As the market for handheld PCs is expanding, more and more companies are releasing their variations. One of the first developers of these devices, AYANEO, led the charge on these devices, starting in 2020. While they are creating some incredible devices, one of the biggest criticisms levied against them is that they’re releasing too many devices with similar specs, very close to each other. It also doesn’t help that each version’s naming scheme can be confusing.

This can be confusing since too much variation, with no direction, can put people off an otherwise amazing product. So, I want to take a moment to sort through the current line of devices from AYANEO and go over what makes each version unique or special. My goal is to give an informed space where, instead of looking at all these products and feeling confused, you see the lineup and can effectively choose which device to buy if you choose to do so.

For this article, I will focus on all the newer devices using the AMD 7840U APU. This processor has integrated graphics matching the power of the ROG Ally and Lenovo Legion Go’s Z1 Extreme, which is arguably more powerful than the Steam Deck. This will get you the maximum speed to play the newest games in the best way possible. I will first go into each device, and then once I have gone over all of them, I will go over which I would get for the overall best deal or what would be best, depending on what you might be looking for.

AYANEO 7840U Device Guide

Multiple features come up in every one of the AYANEO devices, so instead of listing them all in each paragraph, I am just going to mention them here:

I also want to mention that all configurations and prices shown only reflect the currently available units. There may be other configurations that are sold out currently.


Starting off with the baseline version of the AYANEO products, we have the AYANEO 2S. This is an update of their AYANEO 2 mode, which, in turn, is an update of their original product released in 2021. It features a 7-inch 1920×1200 resolution screen with a wider color gamut and 500nits brightness. It also features minor bezzles with a 50.25Wh battery. It has a three copper tube heat dissipation mixed with a Graphene Patch to help with heat, has fingerprint unlocking support, uses an HD Linear Motor and SoundTAPMagic for vibration, and has a wonderfully sleek design with 5 different colors:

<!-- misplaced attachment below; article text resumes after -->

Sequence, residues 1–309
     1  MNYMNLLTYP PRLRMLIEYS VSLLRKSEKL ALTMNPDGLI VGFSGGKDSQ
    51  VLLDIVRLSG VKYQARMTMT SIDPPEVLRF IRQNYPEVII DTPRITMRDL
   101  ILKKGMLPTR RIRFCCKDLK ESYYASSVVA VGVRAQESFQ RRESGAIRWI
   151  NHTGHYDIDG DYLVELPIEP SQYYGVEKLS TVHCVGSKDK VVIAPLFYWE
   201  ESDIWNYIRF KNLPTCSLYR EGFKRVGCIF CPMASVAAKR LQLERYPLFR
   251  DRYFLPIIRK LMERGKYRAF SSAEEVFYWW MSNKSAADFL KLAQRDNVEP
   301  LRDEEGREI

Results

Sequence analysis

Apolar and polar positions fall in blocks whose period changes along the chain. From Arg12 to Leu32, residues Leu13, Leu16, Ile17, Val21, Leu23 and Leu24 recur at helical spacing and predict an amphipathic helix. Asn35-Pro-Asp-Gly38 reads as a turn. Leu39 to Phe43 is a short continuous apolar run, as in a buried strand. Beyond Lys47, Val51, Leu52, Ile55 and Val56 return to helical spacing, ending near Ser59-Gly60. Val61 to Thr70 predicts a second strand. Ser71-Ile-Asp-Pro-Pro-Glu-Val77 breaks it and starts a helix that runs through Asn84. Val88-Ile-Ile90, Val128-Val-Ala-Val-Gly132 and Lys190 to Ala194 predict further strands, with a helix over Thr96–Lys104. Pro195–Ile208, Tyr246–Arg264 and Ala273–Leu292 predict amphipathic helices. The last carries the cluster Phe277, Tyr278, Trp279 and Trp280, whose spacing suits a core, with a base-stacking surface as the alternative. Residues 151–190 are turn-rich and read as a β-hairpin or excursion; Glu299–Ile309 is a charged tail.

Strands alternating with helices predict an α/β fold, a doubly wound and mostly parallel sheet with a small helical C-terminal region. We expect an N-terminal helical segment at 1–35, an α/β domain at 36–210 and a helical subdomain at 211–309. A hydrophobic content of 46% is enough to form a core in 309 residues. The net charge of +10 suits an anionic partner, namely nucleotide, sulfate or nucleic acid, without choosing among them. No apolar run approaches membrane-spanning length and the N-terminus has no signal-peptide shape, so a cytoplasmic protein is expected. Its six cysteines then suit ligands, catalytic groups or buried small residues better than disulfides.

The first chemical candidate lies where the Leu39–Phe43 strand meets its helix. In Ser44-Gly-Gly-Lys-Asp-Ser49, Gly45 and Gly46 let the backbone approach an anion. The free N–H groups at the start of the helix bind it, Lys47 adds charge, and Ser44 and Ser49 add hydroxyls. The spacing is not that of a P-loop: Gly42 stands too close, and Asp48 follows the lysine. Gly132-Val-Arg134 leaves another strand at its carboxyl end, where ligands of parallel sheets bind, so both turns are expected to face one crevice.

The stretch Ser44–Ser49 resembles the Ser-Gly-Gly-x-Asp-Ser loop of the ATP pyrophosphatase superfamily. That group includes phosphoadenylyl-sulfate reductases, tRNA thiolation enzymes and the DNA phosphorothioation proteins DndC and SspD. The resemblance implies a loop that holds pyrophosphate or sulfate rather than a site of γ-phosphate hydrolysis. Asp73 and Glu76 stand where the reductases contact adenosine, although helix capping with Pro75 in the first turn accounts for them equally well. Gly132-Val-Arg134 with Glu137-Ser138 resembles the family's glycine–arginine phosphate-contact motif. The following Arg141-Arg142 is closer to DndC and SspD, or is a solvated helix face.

The device weighs around 667g and has multiple different models with different RAM and storage configurations. There are also some special editions thrown in there that have different prices, but these are the different configurations and their available price:

I would consider this the base AYANEO model for this APU. It has all the base features in the AYANEO devices, as well as a similar size to the Steam Deck and ROG Ally. It is a little on the pricey side, but it has a bigger battery and uses Windows, so there shouldn’t be many compatibility issues with games.


Next, we have the AYANEO GEEK 1S. This is essentially a slimmed-down version of the 2S. We still have similar size and shape, heat dissipation system, battery size, screen brightness, and fingerprint recognition. We don’t have master controller to configure our buttons, there are dual X-axis motors for vibration instead of the HD Linear motor, and there is only a Fuselage gyroscope. It also weighs about 5g heavier, which isn’t much, but it’s something. There are also 3 different colors:

The GEEK 1S offers two different resolution screens: A 1280×800 one and a 1920×1200 one. This actually brings down the overall price of the device when choosing the lower resolution:

I would consider this as a slimmed-down variation of the 2S. It has an almost identical structure but with some missing features and a lower-resolution screen. But this means it is cheaper overall and without compromising the APU performance, which is nice.


Now, we start to deviate away from the base model design. The AYANEO AIR 1S is an update of the AIR line of devices, aimed at making a more compact device. The device has a smaller 5.5-inch 1920×1080 resolution screen, making it much smaller than the 2S and Geek 1S, but it uses an AMOLED panel, making the colors pop and utilizing true blacks. It also weighs significantly less, coming in at 450g, and features a 38Wh battery. It uses Master Controller, like the 2S, has a X-axis linear motor, and a dual six-axis gyroscope. It also comes in 2 different colors:

There is a super thin version, too, that reduces the weight to 405g and thickness, but it has a 28Wh battery. Like its counterparts, different RAM and storage size configurations play a part in its price. There is also a special version that increases the price slightly:

The AYANEO AIR 1S easily the most portable option of AYANEO’s lineup, being the smallest device. It is also the only one using an OLED screen, which makes it the best screen they have too. I also had the pleasure of reviewing the device, which is easily one of my favorites, thanks to that screen.